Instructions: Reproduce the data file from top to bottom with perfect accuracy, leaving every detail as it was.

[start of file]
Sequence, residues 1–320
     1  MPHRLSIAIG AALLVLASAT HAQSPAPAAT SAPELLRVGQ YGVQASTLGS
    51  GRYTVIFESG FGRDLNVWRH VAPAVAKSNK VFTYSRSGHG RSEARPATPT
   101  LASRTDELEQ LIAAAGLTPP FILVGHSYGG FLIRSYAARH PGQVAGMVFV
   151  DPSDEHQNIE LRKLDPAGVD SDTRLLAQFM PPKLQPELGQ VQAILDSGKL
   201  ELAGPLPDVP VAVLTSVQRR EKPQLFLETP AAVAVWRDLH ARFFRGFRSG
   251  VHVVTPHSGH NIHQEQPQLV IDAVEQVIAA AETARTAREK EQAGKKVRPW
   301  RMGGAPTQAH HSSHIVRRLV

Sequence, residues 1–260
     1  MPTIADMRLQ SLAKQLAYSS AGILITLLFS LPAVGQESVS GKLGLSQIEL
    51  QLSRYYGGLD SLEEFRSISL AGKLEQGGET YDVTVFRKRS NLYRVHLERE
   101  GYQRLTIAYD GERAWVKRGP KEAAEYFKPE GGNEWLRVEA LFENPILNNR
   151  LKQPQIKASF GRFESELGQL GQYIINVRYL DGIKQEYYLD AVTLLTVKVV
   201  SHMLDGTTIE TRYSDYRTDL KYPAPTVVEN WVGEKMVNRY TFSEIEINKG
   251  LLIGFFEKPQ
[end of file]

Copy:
Sequence, residues 1–320
     1  MPHRLSIAIG AALLVLASAT HAQSPAPAAT SAPELLRVGQ YGVQASTLGS
    51  GRYTVIFESG FGRDLNVWRH VAPAVAKSNK VFTYSRSGHG RSEARPATPT
   101  LASRTDELEQ LIAAAGLTPP FILVGHSYGG FLIRSYAARH PGQVAGMVFV
   151  DPSDEHQNIE LRKLDPAGVD SDTRLLAQFM PPKLQPELGQ VQAILDSGKL
   201  ELAGPLPDVP VAVLTSVQRR EKPQLFLETP AAVAVWRDLH ARFFRGFRSG
   251  VHVVTPHSGH NIHQEQPQLV IDAVEQVIAA AETARTAREK EQAGKKVRPW
   301  RMGGAPTQAH HSSHIVRRLV

Sequence, residues 1–260
     1  MPTIADMRLQ SLAKQLAYSS AGILITLLFS LPAVGQESVS GKLGLSQIEL
    51  QLSRYYGGLD SLEEFRSISL AGKLEQGGET YDVTVFRKRS NLYRVHLERE
   101  GYQRLTIAYD GERAWVKRGP KEAAEYFKPE GGNEWLRVEA LFENPILNNR
   151  LKQPQIKASF GRFESELGQL GQYIINVRYL DGIKQEYYLD AVTLLTVKVV
   201  SHMLDGTTIE TRYSDYRTDL KYPAPTVVEN WVGEKMVNRY TFSEIEINKG
   251  LLIGFFEKPQ